"We are making significant investments to create our data ecosystem, if you will, and we're bringing together the pharmacy records, the patient's clinical records, and Prothena wants to be very focused in certain geographic areas of interest," Tandon said. "We can get more precise about matching the right patients to trials versus just sending out mass mailers or advertising to see if there's interest. We're really putting a lot more intentional thought, technology and investments around curating the right patient population that we want matched to trials."

She added, "More importantly, it's giving us insight into going into areas that have high unmet needs or communities of color, communities that have never had access to clinical trials. We're really trying to use data and technology to enable us to get into those communities and start offering trials."

Walgreens can leverage its clinical records and analytics technology to develop a "real-world evidence engine," Tandon said. "Particularly with electronic medical records where you have access to both structured and unstructured data, if you bring that together, it really paints and provides a holistic picture of the patient's journey and sort of affords us to support a number of use cases," she said.

The retailer also can leverage its pharmacy locations as an accessible entry point for patients to learn more about clinical trials and sign up to participate in research, she noted.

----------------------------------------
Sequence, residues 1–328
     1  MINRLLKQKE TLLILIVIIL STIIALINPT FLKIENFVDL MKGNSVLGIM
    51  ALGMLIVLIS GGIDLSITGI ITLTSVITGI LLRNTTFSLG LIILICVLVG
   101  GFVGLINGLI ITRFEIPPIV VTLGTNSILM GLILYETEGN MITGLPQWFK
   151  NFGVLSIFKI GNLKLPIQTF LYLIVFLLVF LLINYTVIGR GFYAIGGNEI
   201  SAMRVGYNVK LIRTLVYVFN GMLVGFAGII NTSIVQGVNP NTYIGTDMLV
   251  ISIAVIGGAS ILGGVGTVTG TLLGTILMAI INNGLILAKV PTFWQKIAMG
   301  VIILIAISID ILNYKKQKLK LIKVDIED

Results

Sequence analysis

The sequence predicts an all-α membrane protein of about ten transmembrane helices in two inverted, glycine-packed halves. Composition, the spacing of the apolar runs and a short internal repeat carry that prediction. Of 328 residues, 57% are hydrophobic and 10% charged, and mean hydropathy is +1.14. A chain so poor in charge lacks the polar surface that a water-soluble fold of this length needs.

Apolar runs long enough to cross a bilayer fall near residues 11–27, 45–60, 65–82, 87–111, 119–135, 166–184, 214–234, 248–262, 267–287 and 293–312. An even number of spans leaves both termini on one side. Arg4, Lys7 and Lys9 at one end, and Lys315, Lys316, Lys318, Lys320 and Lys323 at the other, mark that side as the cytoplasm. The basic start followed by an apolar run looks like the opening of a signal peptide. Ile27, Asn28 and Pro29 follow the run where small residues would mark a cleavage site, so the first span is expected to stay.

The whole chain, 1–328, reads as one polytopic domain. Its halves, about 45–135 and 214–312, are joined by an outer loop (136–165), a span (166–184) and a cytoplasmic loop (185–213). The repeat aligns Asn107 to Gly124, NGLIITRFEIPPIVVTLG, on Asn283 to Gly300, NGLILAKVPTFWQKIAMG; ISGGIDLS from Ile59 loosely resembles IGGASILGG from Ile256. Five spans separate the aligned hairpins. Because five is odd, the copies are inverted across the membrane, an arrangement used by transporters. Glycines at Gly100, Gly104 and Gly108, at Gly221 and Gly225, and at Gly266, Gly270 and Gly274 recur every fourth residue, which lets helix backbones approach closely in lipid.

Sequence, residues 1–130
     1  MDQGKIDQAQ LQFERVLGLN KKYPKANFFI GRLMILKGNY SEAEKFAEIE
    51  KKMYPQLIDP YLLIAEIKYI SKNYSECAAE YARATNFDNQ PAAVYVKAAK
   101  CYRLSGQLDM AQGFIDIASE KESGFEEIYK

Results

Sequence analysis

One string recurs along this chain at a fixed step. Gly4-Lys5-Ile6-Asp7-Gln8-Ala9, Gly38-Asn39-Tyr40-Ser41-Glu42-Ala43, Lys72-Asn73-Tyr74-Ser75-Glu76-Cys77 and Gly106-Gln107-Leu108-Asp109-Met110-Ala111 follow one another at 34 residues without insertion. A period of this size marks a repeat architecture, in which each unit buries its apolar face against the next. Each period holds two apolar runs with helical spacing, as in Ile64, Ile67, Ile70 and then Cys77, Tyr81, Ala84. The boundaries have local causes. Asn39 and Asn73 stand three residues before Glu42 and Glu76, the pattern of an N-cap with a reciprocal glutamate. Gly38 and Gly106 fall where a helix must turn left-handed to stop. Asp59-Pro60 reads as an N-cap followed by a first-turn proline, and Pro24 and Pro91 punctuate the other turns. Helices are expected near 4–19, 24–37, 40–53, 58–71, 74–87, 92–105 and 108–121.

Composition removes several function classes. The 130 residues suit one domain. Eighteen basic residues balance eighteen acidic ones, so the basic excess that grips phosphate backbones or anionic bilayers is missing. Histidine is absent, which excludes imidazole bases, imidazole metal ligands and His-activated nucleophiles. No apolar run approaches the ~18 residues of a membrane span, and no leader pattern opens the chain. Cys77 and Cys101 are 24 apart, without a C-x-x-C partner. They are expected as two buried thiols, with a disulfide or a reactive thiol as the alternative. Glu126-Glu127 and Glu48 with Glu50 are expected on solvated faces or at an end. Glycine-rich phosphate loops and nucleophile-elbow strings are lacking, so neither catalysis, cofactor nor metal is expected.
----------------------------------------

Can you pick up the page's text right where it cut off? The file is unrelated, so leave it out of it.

In the U.S., it is estimated more than 6.5 million people over the age of 65 are living with Alzheimer's disease. Studies show that Black and Hispanic older adults are at a significantly higher risk for developing Alzheimer’s than white older adults, yet these populations have been historically left out of clinical trials. 

Walgreens is using lessons learned during the COVID-19 pandemic to form its strategies around community engagement, Tandon noted.

"We recognize it's not a one-size-fits-all strategy. Community engagement is quite critical in this process, so whether we're using email texting or making phone calls to patients to see if they're interested, we're putting in efforts to create that community surround sound," she said. "We recognize that not all communities embrace technology the same way. There are digital literacy variations and there are medical health literacy variations. As we start to go into the communities, we're starting to listen and learn and then start to make sure as we support the actual trial, we're mindful of the communities and using our local community partners to make sure that we're educating those communities, priming them up about what a clinical trial is and then getting them to feel empowered to make the decision to sign up and participate." 

“The Alzheimer’s community is at the beginning of a transformational change as more treatment options become available to slow the progression of this devastating and fatal disease. At Prothena, we’re excited about PRX012 and the impact it could have as a next generation Alzheimer’s disease treatment with the potential for more convenient administration for patients and caregivers,” said Hideki Garren, M.D., Ph.D., chief medical officer at Prothena, in a statement. 

“This innovative partnership will allow Prothena to leverage Walgreens unique capabilities to engage a broader and more representative patient population for potential enrollment in ASCENT-2 and accelerate the development of the PRX012 program to bring this potential best-in-class anti-amyloid beta antibody to patients as soon as possible," Garren said.